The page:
Another year has come and gone.
New Year’s Day is an arbitrary day. There’s no particular reason why we have to set the start of a new year one week after Christmas Day. Still, the two days, Christmas and New Year book end a week that seems to slow down the world.
It’s not as though no work is done. I still had to produce worship for December 30. The world still functions, too. We had people come under hospice care, and people died, too. Stores were probably filled with people searching for post-Christmas sales. Entertainment venues were open.
Still, the world seems to slow down just a bit. People finish their unused vacation time. Send people e-mail or call them in the office and we might get some sort of reply like, “So and So will be out of the office until January 2.” It’s as though they’ve disconnected from the world.
Slowing down, it’s good. Disconnecting, that’s good too. We need to slow down because the world seems to be moving too fast. Slowing down and disconnecting gives us space to contemplate nothing. Contemplating nothing gives us a chance to reconnect to ourselves – a sort of taking stock of one’s life. Maybe we’ll use this time to have coffee or lunch with a friend or just be together with family and friends. Slowing down restores our souls.
I read an article in yesterday’s New York Times about companies which have tried to restore the work-life balance in their employees’ lives by restricting e-mails and text messages. Where it has been implemented, companies found worker productivity went up. People came to work rested.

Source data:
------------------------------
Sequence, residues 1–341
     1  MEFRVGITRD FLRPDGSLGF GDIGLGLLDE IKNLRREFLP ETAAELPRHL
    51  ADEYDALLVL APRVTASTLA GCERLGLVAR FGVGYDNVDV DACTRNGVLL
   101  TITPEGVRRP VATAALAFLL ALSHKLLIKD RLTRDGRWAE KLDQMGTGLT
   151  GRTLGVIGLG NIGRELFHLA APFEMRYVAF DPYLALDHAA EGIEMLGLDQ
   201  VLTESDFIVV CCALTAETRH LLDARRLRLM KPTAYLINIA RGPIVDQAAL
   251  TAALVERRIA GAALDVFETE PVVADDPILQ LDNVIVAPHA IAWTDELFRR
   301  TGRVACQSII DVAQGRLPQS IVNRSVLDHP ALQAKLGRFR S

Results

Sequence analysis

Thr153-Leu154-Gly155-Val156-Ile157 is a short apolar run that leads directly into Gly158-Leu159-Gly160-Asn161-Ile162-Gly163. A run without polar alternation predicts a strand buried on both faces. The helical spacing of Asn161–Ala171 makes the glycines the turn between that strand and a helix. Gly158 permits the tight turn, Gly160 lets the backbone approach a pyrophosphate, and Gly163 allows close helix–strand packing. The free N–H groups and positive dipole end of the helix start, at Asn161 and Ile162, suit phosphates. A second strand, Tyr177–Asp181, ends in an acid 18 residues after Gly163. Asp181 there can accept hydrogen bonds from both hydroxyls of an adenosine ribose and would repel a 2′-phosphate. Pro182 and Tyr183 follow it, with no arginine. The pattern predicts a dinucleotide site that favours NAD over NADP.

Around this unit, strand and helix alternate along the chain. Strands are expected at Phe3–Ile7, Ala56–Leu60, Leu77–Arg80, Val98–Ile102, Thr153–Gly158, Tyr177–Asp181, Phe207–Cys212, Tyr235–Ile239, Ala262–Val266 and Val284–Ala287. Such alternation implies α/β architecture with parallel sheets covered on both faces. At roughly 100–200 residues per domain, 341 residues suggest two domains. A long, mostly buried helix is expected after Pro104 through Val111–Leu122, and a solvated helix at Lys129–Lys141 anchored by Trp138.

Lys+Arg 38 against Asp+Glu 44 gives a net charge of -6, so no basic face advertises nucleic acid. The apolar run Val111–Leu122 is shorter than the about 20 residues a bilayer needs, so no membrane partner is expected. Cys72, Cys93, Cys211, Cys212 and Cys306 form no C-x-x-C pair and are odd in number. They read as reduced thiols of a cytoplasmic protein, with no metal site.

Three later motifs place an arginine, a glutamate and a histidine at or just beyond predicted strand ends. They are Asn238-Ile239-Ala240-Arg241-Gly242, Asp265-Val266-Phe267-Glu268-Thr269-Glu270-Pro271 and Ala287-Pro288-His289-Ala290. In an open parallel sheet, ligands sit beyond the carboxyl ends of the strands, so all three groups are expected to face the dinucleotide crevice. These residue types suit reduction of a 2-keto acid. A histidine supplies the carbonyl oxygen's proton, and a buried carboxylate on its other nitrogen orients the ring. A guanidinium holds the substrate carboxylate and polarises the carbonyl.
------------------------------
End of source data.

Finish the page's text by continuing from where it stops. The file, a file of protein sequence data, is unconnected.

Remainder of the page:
Slowing down between Christmas and New Year. Disconnecting from our technology. They’re both about Sabbath, which is really critical to our being. Sabbath keeps us grounded. We can put our attention to the task at hand, such as reading a book for pleasure, without having to worry if we forgot someone who wants to reach us. We can be completely present to our family member or friend without fear of being called away. They’re both real gifts.
I try to use Sundays after worship as a time to do nothing other than read the paper. Some days I am more successful than others.
I wish we all had more time to disconnect in order to reconnect to what’s really important in our lives: family, friends, neighbors, our own souls. I wish we could do it more regularly than the week between Christmas and New Year. Sabbath puts the world in perspective and reminds us of whose we are.
I hope that everyone (including me) who had a chance to disconnect and reconnect will return to work on January 2 not only refreshed, but will see the world in a way that will make 2013 just a little better than 2012.